Published in 1941

I found this reference book it in the excellent preface to The Black Lizard, by Edogawa Rampo. As I have been reading a ot of classic mysteries, I ant to check this one out.

“Author Howard Haycraft, an expert in detective fiction, traces the genre’s development from the 1840s through the 1940s. Along the way, he charts the innovations of Edgar Allan Poe, Wilkie Collins, and Arthur Conan Doyle, as well as the modern influence of George Simenon, Josephine Tey, and others. Additional topics include a survey of the critical literature, a detective story quiz, and a Who’s Who in Detection.”


5-Minute Core Exercises for Seniors

📚 5-Minute Core Exercises for Seniors, by Cindy Brehse
Expected publication: April 20th 2021, by Rockridge Press

Not yet officially in the senior group, but still these exercises might be handy when I feel too busy.

“Strengthen your core and boost your confidence with 5-minute exercise routines for seniors.
Having a strong core can improve mobility, reduce aches and pains, prevent falls, and build everyday confidence. 5-Minute Core Exercises for Seniors makes it easy to incorporate daily exercise for seniors, with a collection of 40 individual movements and 25 quick routines for strengthening the major core muscles.”


My inspiration to add this section comes from
Book Jotter‘s posts called “Winding Up the Week”.

15 classic French mysteries/thrillers
(article in French)

A gallery of fabulous bird pictures(among other categories) by a fellow birder.


📚 Book of the month giveaway choice between this book and four others 
The Readers' Room
📚 Book available for free this month, to review at your own pace!
Island on Fire
Review copies available for upcoming book tours:
    Madeleine Last French Casquette Bride in New Orleans  Island on Fire Monet and Oscar  Church of Tango
📚 Subscribe to my Newsletter, and win a book each month!
Here is a sample, with link for subscription at the bottom
📚 Books available for swapping


  • A few reviews for the #1936Club
  • Tips on where to cross-post your reviews


The Archipelago of Another Life: read-along

  The Archipelago of Another Life Archipel dune autre vie

by Andreï MAKINE

Along the years, I have enjoyed participating in read-alongs and buddy-reads, with some of my French students, as well as other book bloggers.
Recently, Carol at Cas d’intérêt mentioned her interest in reading a French book with me.
We met on Zoom and came up with a book and a plan.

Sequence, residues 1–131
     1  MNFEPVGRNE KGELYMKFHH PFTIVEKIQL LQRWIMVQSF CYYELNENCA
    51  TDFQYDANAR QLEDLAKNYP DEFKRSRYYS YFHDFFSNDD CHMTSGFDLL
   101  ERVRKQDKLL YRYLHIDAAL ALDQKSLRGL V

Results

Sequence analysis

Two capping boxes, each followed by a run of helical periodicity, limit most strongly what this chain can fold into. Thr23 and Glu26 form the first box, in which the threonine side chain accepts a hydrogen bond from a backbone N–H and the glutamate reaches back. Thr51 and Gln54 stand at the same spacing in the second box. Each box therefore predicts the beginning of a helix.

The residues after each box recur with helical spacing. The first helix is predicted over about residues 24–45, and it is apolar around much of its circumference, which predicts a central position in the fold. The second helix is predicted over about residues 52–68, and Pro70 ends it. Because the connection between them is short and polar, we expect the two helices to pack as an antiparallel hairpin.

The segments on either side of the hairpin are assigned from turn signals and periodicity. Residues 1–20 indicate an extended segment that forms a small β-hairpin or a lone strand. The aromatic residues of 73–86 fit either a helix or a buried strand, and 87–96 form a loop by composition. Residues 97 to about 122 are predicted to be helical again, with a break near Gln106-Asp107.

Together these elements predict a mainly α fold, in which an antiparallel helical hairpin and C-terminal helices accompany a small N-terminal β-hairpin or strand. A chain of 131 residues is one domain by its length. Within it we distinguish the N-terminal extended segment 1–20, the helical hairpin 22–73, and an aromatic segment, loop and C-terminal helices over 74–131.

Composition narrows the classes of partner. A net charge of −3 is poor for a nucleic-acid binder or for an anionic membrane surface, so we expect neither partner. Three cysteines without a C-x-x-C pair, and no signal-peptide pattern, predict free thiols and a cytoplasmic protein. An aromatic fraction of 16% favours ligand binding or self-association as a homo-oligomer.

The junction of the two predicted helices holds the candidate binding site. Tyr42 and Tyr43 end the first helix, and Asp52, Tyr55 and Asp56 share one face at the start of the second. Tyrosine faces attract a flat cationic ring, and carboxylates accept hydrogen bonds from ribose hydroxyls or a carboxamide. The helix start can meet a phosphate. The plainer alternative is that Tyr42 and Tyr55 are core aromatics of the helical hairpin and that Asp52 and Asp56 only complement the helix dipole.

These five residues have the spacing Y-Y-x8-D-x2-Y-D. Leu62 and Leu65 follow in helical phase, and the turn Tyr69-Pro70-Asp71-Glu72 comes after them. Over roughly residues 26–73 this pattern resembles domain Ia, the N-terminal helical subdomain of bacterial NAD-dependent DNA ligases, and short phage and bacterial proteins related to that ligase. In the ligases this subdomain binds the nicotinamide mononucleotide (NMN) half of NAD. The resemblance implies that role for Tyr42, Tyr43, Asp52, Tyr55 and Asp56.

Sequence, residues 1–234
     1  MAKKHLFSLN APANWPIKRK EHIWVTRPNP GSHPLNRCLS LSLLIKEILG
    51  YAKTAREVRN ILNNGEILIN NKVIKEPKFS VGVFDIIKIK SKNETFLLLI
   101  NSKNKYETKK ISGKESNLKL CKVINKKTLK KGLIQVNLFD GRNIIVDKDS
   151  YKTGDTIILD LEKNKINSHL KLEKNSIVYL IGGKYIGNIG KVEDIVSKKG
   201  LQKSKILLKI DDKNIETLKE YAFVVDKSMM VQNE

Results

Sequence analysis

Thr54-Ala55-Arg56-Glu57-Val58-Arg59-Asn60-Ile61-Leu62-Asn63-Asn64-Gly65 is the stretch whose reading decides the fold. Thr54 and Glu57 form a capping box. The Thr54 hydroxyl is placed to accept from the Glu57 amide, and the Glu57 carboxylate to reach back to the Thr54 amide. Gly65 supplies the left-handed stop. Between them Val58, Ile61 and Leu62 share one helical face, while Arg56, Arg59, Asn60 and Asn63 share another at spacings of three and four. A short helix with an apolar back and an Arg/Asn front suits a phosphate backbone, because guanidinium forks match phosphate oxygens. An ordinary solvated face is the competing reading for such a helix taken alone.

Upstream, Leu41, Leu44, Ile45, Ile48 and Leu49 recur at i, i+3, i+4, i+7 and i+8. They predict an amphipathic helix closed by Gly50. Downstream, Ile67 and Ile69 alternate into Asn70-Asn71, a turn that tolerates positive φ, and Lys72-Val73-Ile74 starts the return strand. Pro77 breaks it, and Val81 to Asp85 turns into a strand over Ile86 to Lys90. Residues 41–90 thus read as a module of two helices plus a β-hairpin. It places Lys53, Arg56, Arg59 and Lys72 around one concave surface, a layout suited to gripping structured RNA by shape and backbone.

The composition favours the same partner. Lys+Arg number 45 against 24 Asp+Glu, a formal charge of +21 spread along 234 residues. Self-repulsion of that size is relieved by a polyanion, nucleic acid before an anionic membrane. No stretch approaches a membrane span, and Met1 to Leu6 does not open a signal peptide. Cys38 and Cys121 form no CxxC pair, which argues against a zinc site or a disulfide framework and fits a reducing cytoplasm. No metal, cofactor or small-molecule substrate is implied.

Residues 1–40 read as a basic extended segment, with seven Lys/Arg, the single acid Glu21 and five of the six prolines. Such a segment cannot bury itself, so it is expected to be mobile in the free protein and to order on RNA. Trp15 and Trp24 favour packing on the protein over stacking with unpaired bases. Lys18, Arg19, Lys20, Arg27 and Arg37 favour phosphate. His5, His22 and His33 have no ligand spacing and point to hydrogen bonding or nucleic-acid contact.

Published July 11th 2019 by MacLehose Press
288 pages
Translated from the French by Geoffrey Strachan 

A tense “Siberian Western” set in the inhospitable, boundless Russia taiga at the height of the Cold War.
On the far eastern borders of the Soviet Union, in the sunset of Stalin’s reign, soldiers are training for a war that could end all wars, for in the atomic age man has sown the seeds of his own destruction.
Among them is Pavel Gartsev, a reservist. Orphaned, scarred by the last great war and unlucky in love, he is an instant victim for the apparatchiks and ambitious careerists who thrive within the Red Army’s ranks.
Assigned to a search party composed of regulars and reservists, charged with the recapture of an escaped prisoner from a nearby gulag, Gartsev finds himself one of an unlikely quintet of cynics, sadists and heroes, embarked on a challenging manhunt through the Siberian taiga.
But the fugitive, capable, cunning and evidently at home in the depths of these vast forests, proves no easy prey. As the pursuit goes on, and the pursuers are struck by a shattering discovery, Gartsev confronts both the worst within himself and the tantalising prospect of another, totally different life.”

Feel free to join us, reading the book in English or French, as our posts will be bilingual. You can comment on her blog and mine, or create your own posts.

Here is our tentative schedule:

April 5: our reading begins, Chapters I and II
April 19: questions posted by Cas d’intérêt on Chapters I and II
May 3: questions here at Words And Peace, on the second quarter of the book, ending with “Une fois sur l’autre rive, nous relançâmes la poursuite mais le soleil déclinait déjà, il était temps d’allumer le feu, avant une nouvelle gelée…”
May 17: questions posted by Cas d’intérêt on the third quarter of the book, up to “loin de mon passé, du monde des autres où je n’avais plus de rôle à jouer.”
June 4: questions here at Words And Peace, on last quarter of the book.
And possibly a  (French?) Zoom/Skype session with all participants some time in the evening.

I invite you to visit Carol’s announcement post, with maps and much more!



En dix ans de blog, j’ai eu l’occasin de faire quelques très bonnes expériences de lectures en commun, soit avec certains de mes élèves de français, soit avec d’autres blogueurs et blogueuses.
Récemment, Carol (Cas d’intérêt) m’a contactée pour faire cela ensemble. On s’est parlé sur Zoom, on a choisi un livre qui nous intéressait toutes les deux et on a planifié notre aventure.